Dark Elves were seen as greedy and toublesome in regards to humanity but were not strictly malevolent, although they shared some common traits with the trolls- such as turning to stone when exposed to direct sunlight and being humanoid in shape but extremely ugly.


                    They also had a habit of giving bad dreams to horses... Just because they were dicks, like that.


                    What about Orcs? They're sometimes depicted as being corrupted offshoots of elves

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                    • #70
                      Originally posted by Nyrufa View Post

                      What about Orcs? They're sometimes depicted as being corrupted offshoots of elves
                      Truthfully, the reason I didn't include orcs is due to the fact that they are a comparatively newer folklore invented by Tolkien and inspired by bugbears and goblins.

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                      • #71
                        Robots are almost the same age and we have Chrometooth as a True Fae. I think it can work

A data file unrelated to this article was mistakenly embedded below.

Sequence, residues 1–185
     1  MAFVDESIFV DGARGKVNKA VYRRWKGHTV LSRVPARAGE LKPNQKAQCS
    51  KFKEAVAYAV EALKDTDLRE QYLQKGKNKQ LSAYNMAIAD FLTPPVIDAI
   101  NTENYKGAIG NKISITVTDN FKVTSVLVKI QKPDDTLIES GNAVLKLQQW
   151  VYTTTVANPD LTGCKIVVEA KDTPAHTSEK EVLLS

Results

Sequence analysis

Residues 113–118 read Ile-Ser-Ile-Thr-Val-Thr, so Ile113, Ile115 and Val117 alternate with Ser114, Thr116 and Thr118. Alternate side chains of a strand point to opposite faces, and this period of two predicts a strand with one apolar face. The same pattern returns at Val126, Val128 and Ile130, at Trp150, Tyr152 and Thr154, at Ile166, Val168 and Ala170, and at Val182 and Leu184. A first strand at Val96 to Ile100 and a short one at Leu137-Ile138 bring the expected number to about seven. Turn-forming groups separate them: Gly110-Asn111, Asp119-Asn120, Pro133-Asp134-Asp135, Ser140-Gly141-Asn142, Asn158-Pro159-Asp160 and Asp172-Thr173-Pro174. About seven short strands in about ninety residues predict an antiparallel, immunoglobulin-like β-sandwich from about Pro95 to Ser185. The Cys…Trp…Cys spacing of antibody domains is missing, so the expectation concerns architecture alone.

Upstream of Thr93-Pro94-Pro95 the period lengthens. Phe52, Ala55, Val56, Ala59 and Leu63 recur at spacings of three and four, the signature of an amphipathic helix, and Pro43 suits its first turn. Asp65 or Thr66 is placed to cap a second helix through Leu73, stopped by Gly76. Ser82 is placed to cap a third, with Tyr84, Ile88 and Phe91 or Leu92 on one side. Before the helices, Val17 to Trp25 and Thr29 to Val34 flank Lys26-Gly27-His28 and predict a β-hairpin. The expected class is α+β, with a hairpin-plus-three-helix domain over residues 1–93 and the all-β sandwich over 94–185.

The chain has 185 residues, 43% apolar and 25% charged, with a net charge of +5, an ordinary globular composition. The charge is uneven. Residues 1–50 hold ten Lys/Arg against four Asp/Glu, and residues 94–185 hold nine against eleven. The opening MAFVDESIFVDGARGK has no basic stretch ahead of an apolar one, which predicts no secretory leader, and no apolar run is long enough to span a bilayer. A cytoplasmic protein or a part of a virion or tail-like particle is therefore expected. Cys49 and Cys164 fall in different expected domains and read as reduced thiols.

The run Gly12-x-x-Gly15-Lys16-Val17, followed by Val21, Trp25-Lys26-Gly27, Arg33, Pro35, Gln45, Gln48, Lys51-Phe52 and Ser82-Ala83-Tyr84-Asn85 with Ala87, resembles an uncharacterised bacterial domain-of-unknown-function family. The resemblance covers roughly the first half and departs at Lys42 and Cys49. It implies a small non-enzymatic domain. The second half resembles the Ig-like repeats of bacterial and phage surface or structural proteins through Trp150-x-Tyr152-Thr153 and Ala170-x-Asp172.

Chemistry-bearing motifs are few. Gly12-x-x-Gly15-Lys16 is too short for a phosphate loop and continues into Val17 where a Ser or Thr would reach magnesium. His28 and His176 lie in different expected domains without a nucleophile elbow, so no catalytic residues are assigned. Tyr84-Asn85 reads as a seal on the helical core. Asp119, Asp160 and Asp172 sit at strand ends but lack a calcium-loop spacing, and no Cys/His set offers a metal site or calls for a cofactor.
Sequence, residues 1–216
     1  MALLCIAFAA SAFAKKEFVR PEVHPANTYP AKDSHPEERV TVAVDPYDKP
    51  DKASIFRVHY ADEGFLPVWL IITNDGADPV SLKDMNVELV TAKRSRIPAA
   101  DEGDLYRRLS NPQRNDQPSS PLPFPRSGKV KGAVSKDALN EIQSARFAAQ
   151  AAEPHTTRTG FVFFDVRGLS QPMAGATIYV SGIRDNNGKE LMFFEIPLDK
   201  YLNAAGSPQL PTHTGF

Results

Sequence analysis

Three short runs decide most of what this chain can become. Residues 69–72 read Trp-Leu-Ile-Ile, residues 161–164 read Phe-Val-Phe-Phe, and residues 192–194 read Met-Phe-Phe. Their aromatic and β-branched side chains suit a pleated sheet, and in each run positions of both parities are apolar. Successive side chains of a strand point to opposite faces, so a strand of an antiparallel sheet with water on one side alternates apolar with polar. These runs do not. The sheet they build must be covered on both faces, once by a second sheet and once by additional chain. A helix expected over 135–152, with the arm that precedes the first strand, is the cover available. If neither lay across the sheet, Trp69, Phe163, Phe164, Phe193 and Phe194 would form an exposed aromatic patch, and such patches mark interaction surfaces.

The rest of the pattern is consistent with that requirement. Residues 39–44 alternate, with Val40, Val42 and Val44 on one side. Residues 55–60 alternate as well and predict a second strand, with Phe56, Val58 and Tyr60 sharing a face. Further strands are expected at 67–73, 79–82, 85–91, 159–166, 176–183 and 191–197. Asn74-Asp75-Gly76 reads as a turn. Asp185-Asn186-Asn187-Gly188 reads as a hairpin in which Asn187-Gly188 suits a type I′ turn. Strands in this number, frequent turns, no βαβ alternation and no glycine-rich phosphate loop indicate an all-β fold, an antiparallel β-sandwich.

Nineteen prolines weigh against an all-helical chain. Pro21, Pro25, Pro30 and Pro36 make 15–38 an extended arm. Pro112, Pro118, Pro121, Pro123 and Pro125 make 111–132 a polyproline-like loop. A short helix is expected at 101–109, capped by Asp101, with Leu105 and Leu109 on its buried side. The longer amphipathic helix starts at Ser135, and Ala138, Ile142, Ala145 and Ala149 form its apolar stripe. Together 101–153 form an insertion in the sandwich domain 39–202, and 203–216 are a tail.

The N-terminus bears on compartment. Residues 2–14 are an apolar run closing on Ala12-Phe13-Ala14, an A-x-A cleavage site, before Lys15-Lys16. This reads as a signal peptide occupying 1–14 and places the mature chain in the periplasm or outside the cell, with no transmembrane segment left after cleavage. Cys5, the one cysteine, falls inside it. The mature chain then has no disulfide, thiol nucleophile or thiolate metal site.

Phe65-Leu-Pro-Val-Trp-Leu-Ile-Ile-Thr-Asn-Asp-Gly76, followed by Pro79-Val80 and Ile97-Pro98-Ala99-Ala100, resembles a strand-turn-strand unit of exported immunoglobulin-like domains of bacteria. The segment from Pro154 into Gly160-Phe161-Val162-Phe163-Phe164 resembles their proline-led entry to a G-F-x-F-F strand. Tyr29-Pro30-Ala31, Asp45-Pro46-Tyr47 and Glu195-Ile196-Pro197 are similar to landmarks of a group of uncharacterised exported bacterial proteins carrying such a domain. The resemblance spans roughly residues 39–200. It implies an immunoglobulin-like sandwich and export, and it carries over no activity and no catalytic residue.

A god is just a monster you kneel to. - ArcaneArts, Quoting "Fall of Gods"

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                        • #72
                          Originally posted by Master Aquatosic View Post
                          Robots are almost the same age and we have Chrometooth as a True Fae. I think it can work

                          To be fair, we didn't even have the technological capacity to build robots until recently.

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                          • #73
                            I am not saying that orcs can't be changelings or True Fae. Rather, I try to include fae creatures that are not well known or put up folklore that allows popular fae entities to be reinterpreted in a less known way.

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                            • #74
                              Originally posted by Nyrufa View Post


                              To be fair, we didn't even have the technological capacity to build robots until recently.
                              But the concept of mechanical beings we would recognize as robots instead of golem is about that age


                              A god is just a monster you kneel to. - ArcaneArts, Quoting "Fall of Gods"